Multigenerational homes are making a comeback as a practical solution
and a great experience for many modern families.
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According to the Pew Research Center, a record 57 million Americans or 18.1% of the population of the United States were living in multi-generational households in 2012. This is double the number who lived in such households in 1980.
"Boomerang kids" and seniors "aging in place" living in homes with "the sandwich generation" make up the largest portion of these households. There are both very unique advantages and complex challenges with these arrangements.
The boomerang kids are often adult children returning home after college, loss of a job, a failed marriage or other problem living arrangement. They often bring their children into the home. Becoming a part of a grandchild's life is an abundant joy and bonus in what be a rough time of life.
For some seniors, living with an adult child may be the only choice that they can afford. For others, the freedom of living in a private home is a "quality of life" decision for the parent. Even the very best assisted living facility is restrictive and personally invasive. The company of children and grandchildren can be a great bonus for a senior as well as the younger family members.
Good planning should come first before converting to a multigenerational home
There will almost always be a need for renovation of the multigenerational home. A very important consideration is to preserve the resale value of the home. When creating separate quarters within a home, select materials and finishes that enhance the value of a home. The separate area can be finished with future use as a game room or home office area in mind.
An example would be when adding a separate cooking area, select appliances, cabinets and other materials that would look like they could be used as an entertainment kitchenette.
Privacy is a very important factor to consider. By the way, privacy goes both ways with each generation. Pocket doors used to be the "go to" design consideration to allow privacy while maintaining openness when desired . HGTV has come up with an attractive and easier to install solution. They use decorative doors on barn door type hardware to slide across the door openings.
A separate exterior entrance is an important feature. Having a push button combination lock on the door to the area is a great idea. This can allow family or professional emergency help to enter the space without damaging the door if a senior is unresponsive. It can also provide access when one of the generations is left without a key to the house.
Design considerations for the multigenerational home
Prepare for accessibility. When remodeling for seniors or physically challenged individuals, install doors to open out from their space into the main areas. The best example of the need for this is the bathroom door. Most bathroom doors open in toward the bathroom. If a senior falls against the door, help can't reach them without busting down the door and possibly further injuring them.
When possible, install plywood or cement board before installing the drywall in areas that could require safety grab bars. Bathrooms and stairways are prime candidates for these reinforced walls. This provides the maximum ability to place grab bars in the best place for the resident requiring them.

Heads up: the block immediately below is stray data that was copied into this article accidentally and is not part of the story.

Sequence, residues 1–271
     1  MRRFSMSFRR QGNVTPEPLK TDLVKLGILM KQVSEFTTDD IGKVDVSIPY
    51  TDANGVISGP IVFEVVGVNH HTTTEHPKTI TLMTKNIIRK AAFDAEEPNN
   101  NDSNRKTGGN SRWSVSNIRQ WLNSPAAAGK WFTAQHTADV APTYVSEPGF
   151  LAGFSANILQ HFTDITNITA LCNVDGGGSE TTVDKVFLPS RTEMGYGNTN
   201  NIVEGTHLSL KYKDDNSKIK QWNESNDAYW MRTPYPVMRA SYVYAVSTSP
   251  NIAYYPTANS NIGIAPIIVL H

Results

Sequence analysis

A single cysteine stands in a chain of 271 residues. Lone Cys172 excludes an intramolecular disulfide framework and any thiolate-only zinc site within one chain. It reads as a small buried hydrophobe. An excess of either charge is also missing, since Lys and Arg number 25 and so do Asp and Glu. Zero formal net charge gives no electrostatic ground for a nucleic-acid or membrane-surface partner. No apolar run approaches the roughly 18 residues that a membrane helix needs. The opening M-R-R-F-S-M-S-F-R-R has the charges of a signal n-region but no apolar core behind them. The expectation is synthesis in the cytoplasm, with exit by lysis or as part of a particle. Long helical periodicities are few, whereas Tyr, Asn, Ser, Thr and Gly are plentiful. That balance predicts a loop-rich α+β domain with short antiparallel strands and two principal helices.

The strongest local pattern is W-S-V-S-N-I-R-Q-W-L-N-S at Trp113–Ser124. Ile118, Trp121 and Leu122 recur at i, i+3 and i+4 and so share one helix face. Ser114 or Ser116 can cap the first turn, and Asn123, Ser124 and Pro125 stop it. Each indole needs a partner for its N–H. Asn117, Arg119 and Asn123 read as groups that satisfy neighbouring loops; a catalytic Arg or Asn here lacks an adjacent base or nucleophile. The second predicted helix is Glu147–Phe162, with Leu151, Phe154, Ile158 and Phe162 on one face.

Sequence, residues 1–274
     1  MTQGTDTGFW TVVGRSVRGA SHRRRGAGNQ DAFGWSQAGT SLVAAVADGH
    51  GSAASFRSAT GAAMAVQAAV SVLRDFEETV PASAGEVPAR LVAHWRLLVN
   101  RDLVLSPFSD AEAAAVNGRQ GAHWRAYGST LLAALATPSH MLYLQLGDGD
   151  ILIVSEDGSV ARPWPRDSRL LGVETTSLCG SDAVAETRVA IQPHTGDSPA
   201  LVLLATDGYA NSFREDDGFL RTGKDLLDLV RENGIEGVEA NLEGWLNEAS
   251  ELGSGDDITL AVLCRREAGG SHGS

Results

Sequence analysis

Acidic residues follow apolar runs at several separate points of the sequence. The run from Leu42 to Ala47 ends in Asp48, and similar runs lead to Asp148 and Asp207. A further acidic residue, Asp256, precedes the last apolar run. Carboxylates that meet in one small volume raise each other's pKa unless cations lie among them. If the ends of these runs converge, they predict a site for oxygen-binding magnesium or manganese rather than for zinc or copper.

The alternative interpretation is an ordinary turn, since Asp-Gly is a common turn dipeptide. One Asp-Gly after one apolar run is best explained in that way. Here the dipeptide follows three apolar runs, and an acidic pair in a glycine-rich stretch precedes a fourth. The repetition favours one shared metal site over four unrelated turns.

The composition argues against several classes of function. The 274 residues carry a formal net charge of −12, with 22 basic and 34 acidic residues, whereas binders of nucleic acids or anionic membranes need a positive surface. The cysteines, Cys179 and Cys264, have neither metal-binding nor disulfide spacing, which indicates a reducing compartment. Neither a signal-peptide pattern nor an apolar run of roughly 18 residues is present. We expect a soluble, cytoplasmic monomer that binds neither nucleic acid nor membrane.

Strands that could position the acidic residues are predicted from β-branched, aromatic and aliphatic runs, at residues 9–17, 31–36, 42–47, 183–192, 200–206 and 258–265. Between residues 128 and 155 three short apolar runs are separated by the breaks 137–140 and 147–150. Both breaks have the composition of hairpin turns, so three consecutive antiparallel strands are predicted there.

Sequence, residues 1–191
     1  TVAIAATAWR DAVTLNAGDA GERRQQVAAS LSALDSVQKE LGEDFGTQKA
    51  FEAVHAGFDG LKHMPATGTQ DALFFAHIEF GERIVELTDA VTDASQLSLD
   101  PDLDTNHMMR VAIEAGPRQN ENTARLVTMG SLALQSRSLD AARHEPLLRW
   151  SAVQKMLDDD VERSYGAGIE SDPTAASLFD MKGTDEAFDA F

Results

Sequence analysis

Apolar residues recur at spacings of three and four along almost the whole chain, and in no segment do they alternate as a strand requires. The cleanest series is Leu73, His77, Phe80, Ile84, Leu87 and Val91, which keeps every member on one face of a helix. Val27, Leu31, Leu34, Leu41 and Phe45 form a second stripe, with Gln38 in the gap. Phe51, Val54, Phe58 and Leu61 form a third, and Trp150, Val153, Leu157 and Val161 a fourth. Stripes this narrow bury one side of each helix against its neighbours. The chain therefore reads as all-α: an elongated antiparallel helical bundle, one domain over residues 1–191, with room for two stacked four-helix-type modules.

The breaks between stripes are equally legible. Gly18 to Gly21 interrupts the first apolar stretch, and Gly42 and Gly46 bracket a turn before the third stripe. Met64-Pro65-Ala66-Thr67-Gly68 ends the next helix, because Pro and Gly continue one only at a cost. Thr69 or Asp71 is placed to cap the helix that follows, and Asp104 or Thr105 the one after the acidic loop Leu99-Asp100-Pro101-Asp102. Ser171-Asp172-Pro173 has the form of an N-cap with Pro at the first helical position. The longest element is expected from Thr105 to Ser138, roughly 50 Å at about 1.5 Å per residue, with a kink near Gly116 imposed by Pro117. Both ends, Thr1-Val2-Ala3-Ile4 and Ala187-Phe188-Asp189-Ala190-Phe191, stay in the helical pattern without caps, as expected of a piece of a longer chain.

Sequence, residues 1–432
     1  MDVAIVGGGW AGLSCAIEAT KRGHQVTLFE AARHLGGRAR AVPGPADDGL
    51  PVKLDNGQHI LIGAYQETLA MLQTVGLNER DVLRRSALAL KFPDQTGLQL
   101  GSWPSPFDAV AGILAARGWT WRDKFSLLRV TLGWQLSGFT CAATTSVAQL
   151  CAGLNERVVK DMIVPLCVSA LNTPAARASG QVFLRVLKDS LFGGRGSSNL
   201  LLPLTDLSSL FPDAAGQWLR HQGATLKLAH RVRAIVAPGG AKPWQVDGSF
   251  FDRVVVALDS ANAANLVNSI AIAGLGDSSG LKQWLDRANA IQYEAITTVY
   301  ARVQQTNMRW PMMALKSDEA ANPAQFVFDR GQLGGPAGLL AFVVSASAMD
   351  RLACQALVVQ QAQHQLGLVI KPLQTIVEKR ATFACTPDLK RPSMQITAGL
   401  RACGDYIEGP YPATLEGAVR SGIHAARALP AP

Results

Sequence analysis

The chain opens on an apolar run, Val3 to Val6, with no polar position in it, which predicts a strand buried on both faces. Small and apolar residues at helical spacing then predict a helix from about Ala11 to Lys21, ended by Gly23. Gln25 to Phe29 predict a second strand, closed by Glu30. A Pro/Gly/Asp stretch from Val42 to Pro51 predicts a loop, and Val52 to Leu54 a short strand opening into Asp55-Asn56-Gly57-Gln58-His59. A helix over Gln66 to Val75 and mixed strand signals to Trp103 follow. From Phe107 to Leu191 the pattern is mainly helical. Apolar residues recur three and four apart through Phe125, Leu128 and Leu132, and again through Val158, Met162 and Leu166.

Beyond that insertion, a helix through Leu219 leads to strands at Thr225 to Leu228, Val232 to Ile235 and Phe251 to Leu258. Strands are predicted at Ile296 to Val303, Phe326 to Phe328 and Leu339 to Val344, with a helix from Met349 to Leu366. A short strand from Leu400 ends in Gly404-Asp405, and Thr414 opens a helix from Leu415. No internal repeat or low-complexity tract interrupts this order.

The new high toilets are designed for ease of use by seniors or others with limited mobility. They are safer to use and more comfortable than traditional toilets. It just makes good sense to use these toilets as they are not an inconvenience for anybody and a benefit for many people.
A critical feature is supplemental heat and cooling. The temperature that people find comfortable varies greatly between individuals. The variation is usually even wider between generations. The main heating system will get you near the desired temperature in most areas. Adding a small capacity supplemental heating and cooling system on its own thermostat can allow for adjustments in areas, but allow the main house system to more efficiently and economically manage the main load.
Provide for fresh air and light. This is a big challenge particularly when the added space is in a basement. If a window can't be added, install an air intake and a separate exhaust fan. For lighting, use daylight light bulbs. These are an easy to install and an economical way to add the psychological and health benefits of sunlight.
A final thought on the social and business sides of multigenerational housing
Multigenerational housing arrangements start with the best of intentions. However, there can be stress and problems that arise. These should be discussed and sorted out ahead of time. The child returning from college will be on "college time". That loud music at 1:00 AM may not be welcome in the parent's home. The senior moving into their child's home will naturally desire to assume the role of head of household, when their health and other factors make that unreasonable. Communication ahead of time can enrich the experience and reduce stress for everyone involved.
Beware of potential financial landmines with shared financing of improvements in a multigenerational home. It often makes good sense for sharing the cost of renovations or additions to accommodate multigenerational living arrangements. Mom sells her home and moves in with daughter, it makes sense for mom to contribute to setting up her living space.
In certain circumstances when a senior contributes funds to the improvements in the relative's home, liens can be levied against the home if the senior later uses some of the social services assistance programs. Other examples include ownership issues that can arise from divorce and estate circumstances. The bottom line is to first consult an attorney when funding is shared between different parties.